ip access-list standard acl-bgp-weight
 permit 10.33.255.255
!
route-map rm-bgp-weight permit 10
 match ip address acl-bgp-weight
 set weight 100
 continue
route-map rm-bgp-weight permit 20
!
router bgp 65534
 neighbor 10.3.128.1 route-map rm-bgp-weight in

Verification

sh ip bgp | begin Network
     Network          Next Hop   LocPrf Weight Path
 *>  10.33.33.33/32   10.1.128.1 500         0 65532 65531 65533 ?
 *                    10.3.128.1             0 65533 ?
 *   10.33.255.255/32 10.1.128.1 500         0 65532 65531 65533 ?
 *>                   10.3.128.1           100 65533 ?

Controlling inbound traffic with AS_PATH prepending

A blunt instrument, you make your advertisements look further away on one circuit compared to another. The effect is that routers that can see both paths will prefer the shorter one, encouraging traffic to use the shorter path. Even though this can be applied per-prefix, it is still a blunt too because sometimes the prepended path is still the best one.

ip prefix-list pfl-bgp-prepend seq 10 permit 10.34.255.255/32
!
route-map rm-bgp-prepend permit 10
 match ip address prefix-list pfl-bgp-prepend
 set as-path prepend 65534 65534 65534 65534 65534 65534 65534 65534 65534 65534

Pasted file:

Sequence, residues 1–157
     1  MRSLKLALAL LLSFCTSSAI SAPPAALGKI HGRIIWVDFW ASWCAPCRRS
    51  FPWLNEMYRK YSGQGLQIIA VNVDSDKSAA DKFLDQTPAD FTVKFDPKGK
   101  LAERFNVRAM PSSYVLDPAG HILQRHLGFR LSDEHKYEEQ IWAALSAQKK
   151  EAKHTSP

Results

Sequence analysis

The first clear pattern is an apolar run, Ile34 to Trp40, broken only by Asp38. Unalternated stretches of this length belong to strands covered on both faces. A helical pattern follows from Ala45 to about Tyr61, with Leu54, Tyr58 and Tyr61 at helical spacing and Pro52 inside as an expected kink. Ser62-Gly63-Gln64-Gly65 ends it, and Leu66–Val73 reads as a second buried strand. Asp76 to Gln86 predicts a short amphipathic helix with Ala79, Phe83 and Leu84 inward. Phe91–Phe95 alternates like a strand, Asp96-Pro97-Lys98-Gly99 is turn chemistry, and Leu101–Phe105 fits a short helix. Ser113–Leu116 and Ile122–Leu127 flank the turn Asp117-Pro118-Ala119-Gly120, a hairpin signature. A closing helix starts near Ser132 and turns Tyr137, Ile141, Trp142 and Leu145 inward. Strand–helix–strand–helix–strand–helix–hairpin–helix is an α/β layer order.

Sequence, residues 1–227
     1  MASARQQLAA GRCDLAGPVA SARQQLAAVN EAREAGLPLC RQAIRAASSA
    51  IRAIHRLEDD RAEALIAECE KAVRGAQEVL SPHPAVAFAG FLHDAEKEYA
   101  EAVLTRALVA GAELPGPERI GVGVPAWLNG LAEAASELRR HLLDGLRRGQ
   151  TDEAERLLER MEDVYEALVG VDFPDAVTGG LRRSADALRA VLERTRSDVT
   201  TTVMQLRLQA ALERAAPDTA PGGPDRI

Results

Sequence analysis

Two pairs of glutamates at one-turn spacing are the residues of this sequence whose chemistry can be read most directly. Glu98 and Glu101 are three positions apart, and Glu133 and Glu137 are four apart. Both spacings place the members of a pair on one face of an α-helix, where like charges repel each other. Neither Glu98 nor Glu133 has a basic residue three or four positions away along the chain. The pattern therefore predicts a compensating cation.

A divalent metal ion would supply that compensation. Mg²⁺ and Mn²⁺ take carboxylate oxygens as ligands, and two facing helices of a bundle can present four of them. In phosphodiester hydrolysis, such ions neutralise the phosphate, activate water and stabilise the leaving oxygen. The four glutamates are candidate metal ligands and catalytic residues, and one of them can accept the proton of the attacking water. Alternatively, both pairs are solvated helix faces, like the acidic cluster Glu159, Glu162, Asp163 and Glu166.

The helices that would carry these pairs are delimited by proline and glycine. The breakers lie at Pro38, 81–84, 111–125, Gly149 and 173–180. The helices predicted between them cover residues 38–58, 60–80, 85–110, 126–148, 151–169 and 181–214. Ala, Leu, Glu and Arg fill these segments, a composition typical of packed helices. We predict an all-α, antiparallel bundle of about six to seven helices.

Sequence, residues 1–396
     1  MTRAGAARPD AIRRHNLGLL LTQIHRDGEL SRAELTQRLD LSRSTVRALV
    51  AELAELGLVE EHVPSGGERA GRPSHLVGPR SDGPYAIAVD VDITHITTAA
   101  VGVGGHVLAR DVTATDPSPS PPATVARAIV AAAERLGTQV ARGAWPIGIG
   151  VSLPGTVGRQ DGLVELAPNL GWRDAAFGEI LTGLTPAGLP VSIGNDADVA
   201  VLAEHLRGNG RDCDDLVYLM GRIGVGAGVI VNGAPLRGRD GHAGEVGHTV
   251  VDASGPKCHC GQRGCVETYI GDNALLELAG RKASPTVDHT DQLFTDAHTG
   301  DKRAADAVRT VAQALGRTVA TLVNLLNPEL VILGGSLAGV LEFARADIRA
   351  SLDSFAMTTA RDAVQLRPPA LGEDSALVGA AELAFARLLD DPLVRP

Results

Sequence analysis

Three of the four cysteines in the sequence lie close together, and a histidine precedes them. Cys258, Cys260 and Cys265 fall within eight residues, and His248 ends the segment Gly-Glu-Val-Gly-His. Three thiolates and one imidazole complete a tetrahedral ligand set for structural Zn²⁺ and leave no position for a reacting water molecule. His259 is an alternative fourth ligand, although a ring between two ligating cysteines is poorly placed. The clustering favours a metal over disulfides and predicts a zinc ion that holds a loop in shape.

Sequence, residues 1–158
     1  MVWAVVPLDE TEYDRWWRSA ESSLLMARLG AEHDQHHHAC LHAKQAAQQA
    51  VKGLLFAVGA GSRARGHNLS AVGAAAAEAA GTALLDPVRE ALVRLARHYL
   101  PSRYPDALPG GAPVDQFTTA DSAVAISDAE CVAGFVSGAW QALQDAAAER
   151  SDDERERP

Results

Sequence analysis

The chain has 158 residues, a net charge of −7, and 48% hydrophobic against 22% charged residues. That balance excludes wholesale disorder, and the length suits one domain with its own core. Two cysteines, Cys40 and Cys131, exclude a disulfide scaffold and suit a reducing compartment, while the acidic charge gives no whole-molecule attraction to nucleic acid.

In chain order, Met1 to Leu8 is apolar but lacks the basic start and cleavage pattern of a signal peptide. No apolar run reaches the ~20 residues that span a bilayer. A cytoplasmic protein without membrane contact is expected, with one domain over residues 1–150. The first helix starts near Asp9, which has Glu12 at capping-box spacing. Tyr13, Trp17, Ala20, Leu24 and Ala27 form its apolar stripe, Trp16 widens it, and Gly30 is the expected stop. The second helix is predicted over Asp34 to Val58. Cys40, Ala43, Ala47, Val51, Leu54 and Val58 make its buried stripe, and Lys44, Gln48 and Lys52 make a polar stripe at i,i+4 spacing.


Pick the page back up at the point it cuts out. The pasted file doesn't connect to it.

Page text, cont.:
!
router bgp 65534
 Neighbor 10.3.128.1 route-map rm-bgp-prepend out

There are no tools on the local router to show this, so you have to use a BGP looking glass to validate:
http://lg.peer1.net
http://lg.he.net
Note that looking glass sites far from you will probably not see your prepends, as BGP routers only share their best path with each other – so your prepended path probably won’t make it to the other side of the planet.

Controlling inbound traffic with MED (multi-exit discriminator)
A fine tool, very effective per-prefix control but it only applies when peering to a single AS with multiple circuits. This isn’t a very common configuration.

MED a peer to use a particular circuit for some (or all) of your advertised prefixes, but sometimes metrics are filtered by peers so you must work with them to make sure it is supported.

ip access-list standard acl-bgp-med
 permit 10.10.10.0 0.0.0.255
!
route-map rm-bgp-med permit 10
 match ip address name acl-bgp-med
 set metric 200
!
router bgp 65534
 neighbor 192.0.2.1 route-map rm-bgp-med out

There are no tools on the local router to show this, so you have to work with your peer to validate this.

Blackhole incoming DDoS using BGP
This is a local administrator activated mechanism, whereby you can use BGP to indicate to your upstream provider to null route traffic for a particular prefix of yours. This ensures the DDoS target is offline but saves the rest of the network, and you don’t pay for bandwidth for incoming DDoS. This must be arranged with your upstream provider.

ip route 10.34.254.254 255.255.255.255 Null0 tag 111
!
route-map rm-bgp-blackhole permit 10
 match tag 111
 set community 65534:666
!
router bgp 65534
 redistribute static route-map rm-bgp-blackhole
 neighbor 10.1.128.1 send-community
 neighbor 10.3.128.1 send-community
!
ip bgp new-format

Verification

show ip bgp community | begin Network
Network               Next Hop           Metric LocPrf Weight Path
 *>  10.34.255.255/32 0.0.0.0                 0         32768 ?